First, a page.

TOKYO (Reuters) – The Bank of Japan (BOJ) may need to pay more attention to job and household income in guiding monetary policy, deputy governor Masazumi Wakatabe said, as the coronavirus pandemic pushes the economy deeper into recession.
In an online briefing on Wednesday, Wakatabe said there were many lessons to learn from the U.S. Federal Reserve’s new policy strategy that focuses more on creating jobs and boosting household income.
“Personally, I feel there is room to consider the idea, voiced by some people, that monetary policy should focus more on job and income conditions,” he said.
“The BOJ doesn’t need to directly set them as targets. But it can take job and income conditions more into account in debating policy.”
The BOJ is mandated by law to achieve price and financial system stability, but does not have a target on jobs growth.
A few academics have called on the BOJ to target jobs or nominal gross domestic product (GDP) to strengthen its commitment to maintain ultra-easy policy longer.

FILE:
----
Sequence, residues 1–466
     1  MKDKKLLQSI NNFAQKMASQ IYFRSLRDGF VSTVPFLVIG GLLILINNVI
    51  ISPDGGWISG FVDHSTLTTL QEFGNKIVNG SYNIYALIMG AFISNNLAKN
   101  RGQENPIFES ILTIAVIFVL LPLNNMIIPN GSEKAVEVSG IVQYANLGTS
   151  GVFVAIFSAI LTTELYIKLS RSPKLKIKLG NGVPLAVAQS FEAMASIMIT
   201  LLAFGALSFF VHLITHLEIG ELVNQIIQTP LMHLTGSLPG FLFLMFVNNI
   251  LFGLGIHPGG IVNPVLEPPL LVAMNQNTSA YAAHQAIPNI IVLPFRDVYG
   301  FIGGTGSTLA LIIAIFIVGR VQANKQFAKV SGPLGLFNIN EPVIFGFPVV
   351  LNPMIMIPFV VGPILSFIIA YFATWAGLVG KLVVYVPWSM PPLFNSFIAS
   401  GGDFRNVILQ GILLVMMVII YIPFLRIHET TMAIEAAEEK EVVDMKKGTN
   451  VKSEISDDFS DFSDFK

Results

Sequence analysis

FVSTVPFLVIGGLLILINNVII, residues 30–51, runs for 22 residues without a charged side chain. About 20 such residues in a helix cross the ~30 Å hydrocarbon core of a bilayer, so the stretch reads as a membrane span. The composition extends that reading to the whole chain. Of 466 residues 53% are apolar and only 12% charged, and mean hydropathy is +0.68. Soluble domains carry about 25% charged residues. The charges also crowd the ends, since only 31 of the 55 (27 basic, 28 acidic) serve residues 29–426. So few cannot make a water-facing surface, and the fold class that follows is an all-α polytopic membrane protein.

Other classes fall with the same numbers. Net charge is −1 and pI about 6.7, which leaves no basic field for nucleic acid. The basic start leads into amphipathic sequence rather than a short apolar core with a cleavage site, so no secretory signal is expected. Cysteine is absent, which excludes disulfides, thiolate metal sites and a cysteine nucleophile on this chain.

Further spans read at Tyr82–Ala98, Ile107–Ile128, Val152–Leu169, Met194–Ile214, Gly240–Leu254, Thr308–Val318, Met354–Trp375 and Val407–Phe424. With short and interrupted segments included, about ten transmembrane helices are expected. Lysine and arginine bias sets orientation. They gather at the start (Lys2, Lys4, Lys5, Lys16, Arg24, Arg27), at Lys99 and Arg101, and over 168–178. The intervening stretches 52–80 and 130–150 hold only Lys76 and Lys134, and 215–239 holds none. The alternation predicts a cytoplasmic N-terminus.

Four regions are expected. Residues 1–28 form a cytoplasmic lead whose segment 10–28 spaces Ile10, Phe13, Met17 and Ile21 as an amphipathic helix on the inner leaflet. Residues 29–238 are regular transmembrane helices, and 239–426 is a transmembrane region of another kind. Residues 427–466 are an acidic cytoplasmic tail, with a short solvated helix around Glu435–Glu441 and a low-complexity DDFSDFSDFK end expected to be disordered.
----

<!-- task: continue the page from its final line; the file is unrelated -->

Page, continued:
Wakatabe said overseas examples will be “very useful” for the BOJ in enhancing its policy framework as many nations face the same damaging effect on jobs and consumption from COVID-19.
He declined to comment on Japan’s political situation but said the BOJ’s current monetary policy was “most appropriate” for now, regardless of who becomes the new prime minister.
Japan is facing a leadership race this month after Prime Minister Shinzo Abe’s decision to step down. Yoshihide Suga, the government’s top spokesman, is emerging as the front-runner to succeed Abe, heightening expectations that many of the premier’s stimulus policies will be maintained.
Wakatabe said the BOJ must focus on avoiding deflation, and warned that temporary external shocks, such as the current pandemic, could lead to persistent stagnation.
“In order to address both upside and downside risks to prices, the BOJ must continue to strongly commit itself to achieving its (2%) price target,” he said.
Analysts expect Japan’s core consumer prices, which were flat in July from a year earlier, to slide in coming months due to soft demand, reviving fears of a return to deflation.
(Reporting by Leika Kihara; Editing by Chris Gallagher and Jacqueline Wong)